More fuel price hikes, more grumblings
COSTLY FUEL Gas station attendants say motorists have shifted to using regular unleaded gasoline instead of the more expensive high-octane variant after the latest round of price increases. —GRIG C. MONTEGRANDE
Esmeraldo Cabrera shook his head in disappointment on Monday when he learned that diesel prices were going up anew by a hefty amount.
Cabrera, 48, who has been driving a jeepney for 18 years, said he used to go home by 7 p.m. “But these days, to make up for the rising prices of everything, I drive until 11 p.m. so I can come up with the P3,000 daily boundary.”
He pleaded with President Rodrigo Duterte to take action.
“We now find it difficult to cope with the rising prices of fuel and basic commodities,” Cabrera said.
On Tuesday, pump prices of fuel rose for the ninth week in a row as global crude prices went up, which could hamper efforts to help consumers cope with surging prices of goods and services.
Starting 6 a.m., oil companies in the country raised prices of diesel by P1.45 a liter and gasoline by P1 a liter.
Retail price of diesel in Metro Manila now ranges from P48.05 to P51.84 a liter, according to the Department of Energy (DOE).
Gas demand down
Gasoline with an octane rating of 95 is now sold at P54.05 to P64.27 a liter. Kerosene now costs P51.17 to P61.30 a liter.
The high fuel prices are dampening demand for gasoline with high-octane rating.
At a gas station on Chino Roces Avenue in Makati City, attendants recalled filling up five cars a day with V-Power, the most expensive variant of unleaded gas at P66 a liter, before the series of price increases.
Logging more hours
Nowadays, they said motorists were no longer asking for the unleaded variant as they just settled for regular unleaded gas, which cost P60 to P61 a liter before the latest round of price hikes.
Cabrera thought his usual P1,500 take-home pay after working 19 hours daily would go up since he started driving the modernized jeepneys plying between Fort Bonifacio in Taguig City and Guadalupe in Makati City last month.
“They said we’ll earn more, but it has been offset by the continuous increase in prices of oil and goods,” he said.
When he was driving his old 16-passenger jeepney, Cabrera said he was allocating P800 to P900 for a full tank.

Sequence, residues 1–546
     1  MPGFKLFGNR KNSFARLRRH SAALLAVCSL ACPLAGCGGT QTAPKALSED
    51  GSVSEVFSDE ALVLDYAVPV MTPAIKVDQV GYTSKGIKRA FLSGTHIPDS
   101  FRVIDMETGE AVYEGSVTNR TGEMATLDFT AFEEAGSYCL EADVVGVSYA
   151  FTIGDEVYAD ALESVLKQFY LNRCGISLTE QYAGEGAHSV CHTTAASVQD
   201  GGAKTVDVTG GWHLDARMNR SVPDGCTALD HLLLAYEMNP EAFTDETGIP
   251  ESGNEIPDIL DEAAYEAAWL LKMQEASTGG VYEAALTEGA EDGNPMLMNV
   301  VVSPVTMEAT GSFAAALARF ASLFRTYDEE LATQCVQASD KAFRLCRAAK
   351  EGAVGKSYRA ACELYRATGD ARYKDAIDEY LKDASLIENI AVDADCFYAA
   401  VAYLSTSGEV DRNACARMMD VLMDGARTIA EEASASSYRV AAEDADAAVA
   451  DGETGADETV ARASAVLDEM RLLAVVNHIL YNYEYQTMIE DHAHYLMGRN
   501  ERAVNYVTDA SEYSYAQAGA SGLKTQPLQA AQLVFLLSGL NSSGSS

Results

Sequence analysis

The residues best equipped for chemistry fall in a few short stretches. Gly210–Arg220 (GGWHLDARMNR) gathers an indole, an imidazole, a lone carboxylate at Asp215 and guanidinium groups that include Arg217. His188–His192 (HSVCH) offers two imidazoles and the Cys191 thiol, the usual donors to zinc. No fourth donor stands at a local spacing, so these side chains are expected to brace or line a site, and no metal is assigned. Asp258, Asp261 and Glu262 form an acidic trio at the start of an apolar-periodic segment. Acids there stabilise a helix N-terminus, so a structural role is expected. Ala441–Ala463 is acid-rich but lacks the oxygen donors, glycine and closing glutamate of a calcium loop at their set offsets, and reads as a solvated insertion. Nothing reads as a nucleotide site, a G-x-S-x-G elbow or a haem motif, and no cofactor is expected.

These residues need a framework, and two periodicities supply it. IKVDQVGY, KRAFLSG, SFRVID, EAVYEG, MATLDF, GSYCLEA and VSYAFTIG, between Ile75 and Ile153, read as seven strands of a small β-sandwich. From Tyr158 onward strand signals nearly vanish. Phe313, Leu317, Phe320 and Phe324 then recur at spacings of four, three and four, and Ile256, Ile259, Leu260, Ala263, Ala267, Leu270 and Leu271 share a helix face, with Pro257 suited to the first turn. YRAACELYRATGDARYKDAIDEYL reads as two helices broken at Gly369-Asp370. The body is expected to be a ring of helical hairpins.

Now that he’s driving a 22-seat air-conditioned jeepney, he spends P2,000 daily.
Cabrera opted to skip his snacks, saying he was still full after eating adobong baboy and rice worth P45 for his lunch.
But he later admitted: “I wanted to eat more and order delicious meals because I still have a long day to go, but I need to bear with this, so I can take home more [money].”
Cab driver Carlicio Polican Jr. said the money that he was supposed to take home was ending up being used to fill up his gas tank.
“You need to tighten your belt because [gas and market] prices are really high,” Polican said.
Before January, he would spend up to P1,400 for a full tank. Now he shells out at least P2,000.
Polican, a father of three, said he could bring home only P800, which his family spends on food. “But even P800 is no longer enough.”
Since January, prices of diesel have gone up 29 times but have gone down only 11 times, resulting in a net increase of P14.95 a liter.
Prices of gasoline have risen 30 times but have gone down 10 times for a net increase of P14.37 a liter.
“They should have discounts for us with tricycles, just like what they have for jeepney (operators and drivers),” said Rodel Garcia, a tricycle driver in Pasig City.
He used to spend P120 to fill up for a day’s worth of fuel. “Now I need to shell out P200.”
The DOE said at least 10 oil firms representing a total of 1,317 retail stations were offering discounts of between P1 and P3 a liter to public utility vehicle operators.
These companies include Petron, Shell, Caltex, Phoenix, Unioil, Jetti, PTT, Seaoil, Filpride and Total.
As the public braced for a new round of fuel price increases, transport leaders on Monday pushed for an increase in the minimum jeepney fare from P8 to P12 in Metro Manila and sought the suspension of fuel taxes. —With a report from DJ Yap